British Withdrawal Plan Draws Mixed Reactions

British Prime Minister Tony Blair has announced the start of a phased withdrawal of British troops from southern Iraq. And British soldiers would begin to withdraw from the country entirely if security conditions allow, Blair said. His plan calls for 1,600 personnel to leave by the end of 2007, with the rest of the force, about 5,500 troops, staying at least until 2008.

Blair says the next chapter of Basra's history in southern Iraq "can be written by Iraqis." The British have more than 7000 troops in Basra at present.

Though Blair says Iraqi Prime Minister Nouri al-Maliki had agreed to the plan, the mood in Iraq - and indeed within the Iraqi government - was not universally in favor of the withdrawal. One of the country's deputy prime ministers, Salam al-Zawba'i, said that he does not agree with the decision to withdraw British troops, as he fears his country's neighbors will attack.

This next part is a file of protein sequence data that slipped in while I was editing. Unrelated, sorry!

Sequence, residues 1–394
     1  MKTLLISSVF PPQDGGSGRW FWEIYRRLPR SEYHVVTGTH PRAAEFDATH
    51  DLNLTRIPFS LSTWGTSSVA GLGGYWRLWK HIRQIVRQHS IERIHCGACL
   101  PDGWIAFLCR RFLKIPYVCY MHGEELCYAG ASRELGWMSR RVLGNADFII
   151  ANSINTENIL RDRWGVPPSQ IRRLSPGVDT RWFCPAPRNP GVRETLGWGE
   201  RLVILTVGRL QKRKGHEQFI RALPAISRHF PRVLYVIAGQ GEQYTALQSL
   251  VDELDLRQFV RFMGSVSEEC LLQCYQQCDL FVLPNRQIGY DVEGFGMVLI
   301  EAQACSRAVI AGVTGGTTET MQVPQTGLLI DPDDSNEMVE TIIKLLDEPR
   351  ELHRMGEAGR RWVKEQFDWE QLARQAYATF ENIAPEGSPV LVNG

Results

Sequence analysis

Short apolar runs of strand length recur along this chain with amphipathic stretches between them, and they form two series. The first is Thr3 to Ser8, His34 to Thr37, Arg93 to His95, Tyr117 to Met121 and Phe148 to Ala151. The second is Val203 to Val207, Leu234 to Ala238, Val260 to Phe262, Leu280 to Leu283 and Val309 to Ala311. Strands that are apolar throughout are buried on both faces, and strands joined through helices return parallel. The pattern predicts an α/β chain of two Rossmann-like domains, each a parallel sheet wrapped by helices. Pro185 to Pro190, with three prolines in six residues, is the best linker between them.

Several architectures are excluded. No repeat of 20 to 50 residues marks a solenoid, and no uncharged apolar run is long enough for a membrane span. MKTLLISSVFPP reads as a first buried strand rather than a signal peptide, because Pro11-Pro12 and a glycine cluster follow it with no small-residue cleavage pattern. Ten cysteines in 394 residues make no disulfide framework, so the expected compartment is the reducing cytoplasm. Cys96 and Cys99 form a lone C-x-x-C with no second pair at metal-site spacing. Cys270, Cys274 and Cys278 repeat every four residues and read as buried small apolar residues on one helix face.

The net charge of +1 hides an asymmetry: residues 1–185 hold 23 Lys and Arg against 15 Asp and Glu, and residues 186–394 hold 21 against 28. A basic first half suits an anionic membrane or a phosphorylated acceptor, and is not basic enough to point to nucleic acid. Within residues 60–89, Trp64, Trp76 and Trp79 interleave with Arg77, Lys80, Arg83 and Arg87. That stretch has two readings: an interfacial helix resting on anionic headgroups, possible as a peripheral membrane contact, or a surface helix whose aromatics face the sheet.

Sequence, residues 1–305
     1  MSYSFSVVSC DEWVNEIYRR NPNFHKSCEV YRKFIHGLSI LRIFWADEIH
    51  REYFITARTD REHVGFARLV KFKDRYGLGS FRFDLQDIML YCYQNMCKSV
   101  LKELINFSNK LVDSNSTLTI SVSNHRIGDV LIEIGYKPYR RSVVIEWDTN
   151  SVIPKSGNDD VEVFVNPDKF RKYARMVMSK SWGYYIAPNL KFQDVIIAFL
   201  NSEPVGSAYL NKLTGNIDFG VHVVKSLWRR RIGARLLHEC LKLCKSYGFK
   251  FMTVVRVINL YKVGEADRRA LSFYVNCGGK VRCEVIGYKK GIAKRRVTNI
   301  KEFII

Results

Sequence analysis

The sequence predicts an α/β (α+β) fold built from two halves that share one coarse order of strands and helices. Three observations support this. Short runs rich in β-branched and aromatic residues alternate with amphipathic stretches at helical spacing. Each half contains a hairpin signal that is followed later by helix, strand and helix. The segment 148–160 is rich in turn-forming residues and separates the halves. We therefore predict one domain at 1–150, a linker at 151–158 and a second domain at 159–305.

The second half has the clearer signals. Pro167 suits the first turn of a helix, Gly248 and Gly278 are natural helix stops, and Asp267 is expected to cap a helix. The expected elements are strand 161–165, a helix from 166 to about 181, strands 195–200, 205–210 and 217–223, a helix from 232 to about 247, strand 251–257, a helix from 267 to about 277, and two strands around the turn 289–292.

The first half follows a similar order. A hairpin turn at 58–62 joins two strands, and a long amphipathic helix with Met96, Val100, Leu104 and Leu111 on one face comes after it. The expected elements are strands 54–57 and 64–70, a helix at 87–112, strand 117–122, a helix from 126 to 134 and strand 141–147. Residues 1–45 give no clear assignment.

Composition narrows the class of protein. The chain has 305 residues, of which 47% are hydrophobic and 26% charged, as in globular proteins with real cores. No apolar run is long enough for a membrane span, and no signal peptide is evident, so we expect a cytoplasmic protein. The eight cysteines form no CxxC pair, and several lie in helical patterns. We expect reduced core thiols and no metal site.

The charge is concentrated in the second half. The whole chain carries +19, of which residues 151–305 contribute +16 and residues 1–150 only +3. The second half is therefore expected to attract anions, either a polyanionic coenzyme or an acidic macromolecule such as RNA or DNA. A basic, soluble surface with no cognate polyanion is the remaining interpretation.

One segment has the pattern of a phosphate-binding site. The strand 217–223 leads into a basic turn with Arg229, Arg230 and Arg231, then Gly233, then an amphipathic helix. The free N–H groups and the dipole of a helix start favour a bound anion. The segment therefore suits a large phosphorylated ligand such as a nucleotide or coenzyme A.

"We are a people being slaughtered," al-Zawba'i said. "We have no security organizations capable of defending us. We talked with the British defense secretary, with Mr. Tony Blair, and every official. We talked and talked and talked until we've had enough. When the superpowers take such a decision they must bear the consequences and be responsible before history for the harm that befalls the people."

Blair talked with President Bush by secure video link Tuesday about Britain's proposed withdrawal. Some critics of Bush and Blair say the British decision shows Blair has finally split from the Bush White House, which recently decided on the opposite course of action: sending more than 21,000 additional troops into Iraq.

The question of whether the withdrawal by the British forces signals success or retreat has been debated by analysts and politicians in Britain and the United States. Some analysts believe that the U.S. surge in the north and the British withdrawals from the south could end up having the same effect: a consolidation of Shiite power in Iraq, and a possible increase in Iranian influence in the south.

Denmark said today it would withdraw its 460 troops from southern Iraq by August. The Lithuanian government said it is considering doing the same.

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